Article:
Plagiarism is when an author attempts to pass off someone else’s work as his or her own. Duplicate publication, sometimes called self-plagiarism, occurs when an author reuses substantial parts of his or her own published work without providing the appropriate references. This can range from getting an identical paper published in multiple journals, to taking material from other sources, including the Internet, and deliberately failing to give credit in your paper to the original source. It can also involve improper use of citation and documentation in a way that constitutes plagiarism, even though unintended.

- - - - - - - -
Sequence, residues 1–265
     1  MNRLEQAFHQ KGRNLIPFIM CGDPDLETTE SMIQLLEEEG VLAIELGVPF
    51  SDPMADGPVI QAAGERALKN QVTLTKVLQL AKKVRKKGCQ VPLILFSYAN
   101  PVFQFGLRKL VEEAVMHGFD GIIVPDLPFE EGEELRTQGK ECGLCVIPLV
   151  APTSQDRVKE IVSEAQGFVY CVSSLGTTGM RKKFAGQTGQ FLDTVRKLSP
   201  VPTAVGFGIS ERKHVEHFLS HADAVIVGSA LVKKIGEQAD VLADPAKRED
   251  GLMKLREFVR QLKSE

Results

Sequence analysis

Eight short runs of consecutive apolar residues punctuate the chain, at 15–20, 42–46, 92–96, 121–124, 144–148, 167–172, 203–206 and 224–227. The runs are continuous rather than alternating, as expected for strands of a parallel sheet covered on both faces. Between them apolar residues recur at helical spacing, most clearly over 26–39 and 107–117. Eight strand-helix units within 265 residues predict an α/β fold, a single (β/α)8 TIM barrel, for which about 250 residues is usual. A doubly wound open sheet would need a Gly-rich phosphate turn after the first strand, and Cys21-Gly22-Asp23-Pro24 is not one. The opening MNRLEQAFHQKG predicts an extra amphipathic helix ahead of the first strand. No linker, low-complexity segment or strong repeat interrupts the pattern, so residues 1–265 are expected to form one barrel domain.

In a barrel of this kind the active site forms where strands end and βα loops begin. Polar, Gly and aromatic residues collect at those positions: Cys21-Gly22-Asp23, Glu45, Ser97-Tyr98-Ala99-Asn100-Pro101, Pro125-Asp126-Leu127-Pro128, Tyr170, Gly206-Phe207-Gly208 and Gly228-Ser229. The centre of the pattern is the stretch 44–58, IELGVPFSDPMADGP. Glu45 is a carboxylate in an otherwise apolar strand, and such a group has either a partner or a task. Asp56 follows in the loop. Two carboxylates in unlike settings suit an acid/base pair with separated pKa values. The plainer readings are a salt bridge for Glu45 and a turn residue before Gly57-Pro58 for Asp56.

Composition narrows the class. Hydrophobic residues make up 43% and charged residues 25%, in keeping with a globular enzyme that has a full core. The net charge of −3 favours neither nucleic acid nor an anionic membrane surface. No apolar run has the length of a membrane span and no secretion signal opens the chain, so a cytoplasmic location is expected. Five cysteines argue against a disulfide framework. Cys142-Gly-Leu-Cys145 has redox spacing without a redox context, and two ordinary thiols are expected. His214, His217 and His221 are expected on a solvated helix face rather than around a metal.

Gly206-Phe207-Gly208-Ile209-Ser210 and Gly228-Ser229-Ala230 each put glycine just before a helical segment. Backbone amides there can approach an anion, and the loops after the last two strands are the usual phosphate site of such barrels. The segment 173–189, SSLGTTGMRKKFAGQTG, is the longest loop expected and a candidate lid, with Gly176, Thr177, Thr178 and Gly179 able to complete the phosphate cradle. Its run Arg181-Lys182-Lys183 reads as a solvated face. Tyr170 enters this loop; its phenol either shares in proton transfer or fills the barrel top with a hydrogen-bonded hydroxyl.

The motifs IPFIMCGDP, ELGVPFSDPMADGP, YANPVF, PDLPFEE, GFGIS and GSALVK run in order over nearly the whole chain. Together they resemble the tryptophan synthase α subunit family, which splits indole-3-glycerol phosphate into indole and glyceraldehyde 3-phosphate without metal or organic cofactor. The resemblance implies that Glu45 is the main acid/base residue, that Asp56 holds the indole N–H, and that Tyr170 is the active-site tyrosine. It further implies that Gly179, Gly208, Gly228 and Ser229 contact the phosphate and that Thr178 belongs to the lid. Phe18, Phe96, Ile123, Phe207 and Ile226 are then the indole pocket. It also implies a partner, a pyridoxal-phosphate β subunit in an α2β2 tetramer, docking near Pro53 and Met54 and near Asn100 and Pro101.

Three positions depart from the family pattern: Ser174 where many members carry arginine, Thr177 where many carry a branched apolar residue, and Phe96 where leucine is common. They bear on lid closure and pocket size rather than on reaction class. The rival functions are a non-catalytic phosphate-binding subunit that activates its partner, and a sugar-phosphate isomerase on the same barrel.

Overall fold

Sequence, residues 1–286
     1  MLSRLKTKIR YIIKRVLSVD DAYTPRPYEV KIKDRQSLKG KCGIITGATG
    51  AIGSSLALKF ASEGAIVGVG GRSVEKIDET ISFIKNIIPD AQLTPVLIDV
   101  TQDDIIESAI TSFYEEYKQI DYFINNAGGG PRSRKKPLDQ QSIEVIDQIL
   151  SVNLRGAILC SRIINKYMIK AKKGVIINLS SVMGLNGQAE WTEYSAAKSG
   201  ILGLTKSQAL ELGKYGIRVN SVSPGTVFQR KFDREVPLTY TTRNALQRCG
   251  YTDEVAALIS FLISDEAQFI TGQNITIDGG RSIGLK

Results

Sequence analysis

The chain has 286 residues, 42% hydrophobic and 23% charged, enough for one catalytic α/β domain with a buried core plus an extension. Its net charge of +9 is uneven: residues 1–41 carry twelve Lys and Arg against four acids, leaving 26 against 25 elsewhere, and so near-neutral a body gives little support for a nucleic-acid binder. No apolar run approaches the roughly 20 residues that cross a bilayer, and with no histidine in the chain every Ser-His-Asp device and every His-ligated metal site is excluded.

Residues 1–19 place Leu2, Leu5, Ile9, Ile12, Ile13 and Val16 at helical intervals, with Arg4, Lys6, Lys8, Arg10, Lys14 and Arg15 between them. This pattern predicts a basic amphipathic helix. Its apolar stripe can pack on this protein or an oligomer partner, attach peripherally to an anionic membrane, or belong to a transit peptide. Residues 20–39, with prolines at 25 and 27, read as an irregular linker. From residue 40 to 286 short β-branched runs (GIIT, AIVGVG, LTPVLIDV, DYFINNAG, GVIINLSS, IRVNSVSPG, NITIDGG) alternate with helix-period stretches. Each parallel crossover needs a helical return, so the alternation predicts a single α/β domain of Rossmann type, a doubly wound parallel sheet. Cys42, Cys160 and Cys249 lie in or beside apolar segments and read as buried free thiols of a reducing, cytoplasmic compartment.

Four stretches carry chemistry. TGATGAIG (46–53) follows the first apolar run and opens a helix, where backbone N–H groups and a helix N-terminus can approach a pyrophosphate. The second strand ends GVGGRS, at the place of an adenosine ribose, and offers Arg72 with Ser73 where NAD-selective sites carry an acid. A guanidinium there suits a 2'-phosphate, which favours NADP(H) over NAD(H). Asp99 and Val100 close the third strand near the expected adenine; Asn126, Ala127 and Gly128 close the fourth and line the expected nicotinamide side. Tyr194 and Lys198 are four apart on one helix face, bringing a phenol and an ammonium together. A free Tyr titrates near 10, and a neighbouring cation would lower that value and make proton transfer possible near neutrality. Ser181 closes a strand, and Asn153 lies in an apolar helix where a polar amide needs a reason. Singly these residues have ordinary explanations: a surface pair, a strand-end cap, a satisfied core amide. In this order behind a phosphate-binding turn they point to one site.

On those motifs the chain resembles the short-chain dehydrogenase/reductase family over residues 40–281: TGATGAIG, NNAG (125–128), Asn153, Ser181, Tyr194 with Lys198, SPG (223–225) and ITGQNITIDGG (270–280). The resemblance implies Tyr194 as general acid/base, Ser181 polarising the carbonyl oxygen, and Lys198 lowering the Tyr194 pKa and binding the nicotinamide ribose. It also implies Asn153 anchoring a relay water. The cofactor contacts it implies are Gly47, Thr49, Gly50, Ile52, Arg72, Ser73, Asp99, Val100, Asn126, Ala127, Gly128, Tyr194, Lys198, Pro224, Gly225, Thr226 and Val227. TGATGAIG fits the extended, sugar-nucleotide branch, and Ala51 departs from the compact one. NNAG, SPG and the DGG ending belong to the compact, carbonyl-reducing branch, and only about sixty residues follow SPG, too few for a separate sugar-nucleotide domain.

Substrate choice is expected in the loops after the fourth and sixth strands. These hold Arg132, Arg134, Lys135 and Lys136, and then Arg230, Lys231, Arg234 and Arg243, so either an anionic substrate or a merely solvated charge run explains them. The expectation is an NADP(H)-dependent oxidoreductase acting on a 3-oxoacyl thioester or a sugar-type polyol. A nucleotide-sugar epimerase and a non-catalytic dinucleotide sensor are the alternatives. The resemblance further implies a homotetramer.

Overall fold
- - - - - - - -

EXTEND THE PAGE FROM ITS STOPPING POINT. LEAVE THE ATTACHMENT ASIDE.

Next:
Plagiarism is a very serious violation of academic rules. It is unethical and dishonest and therefore, prohibited by Language in Africa. There is no acceptance of plagiarized manuscripts. By submitting a manuscript to the journal the author guarantees that it is an original manuscript and is unpublished work and is not under consideration elsewhere.
As mentioned, our editorial policy accepts revised and elaborated English versions of papers earlier published in languages other than English and French. But submitting such revised versions, the authors should inform the editors explicitly that the submission is a revised version of an earlier published paper and, once the paper is accepted, should provide the reference to the original publication.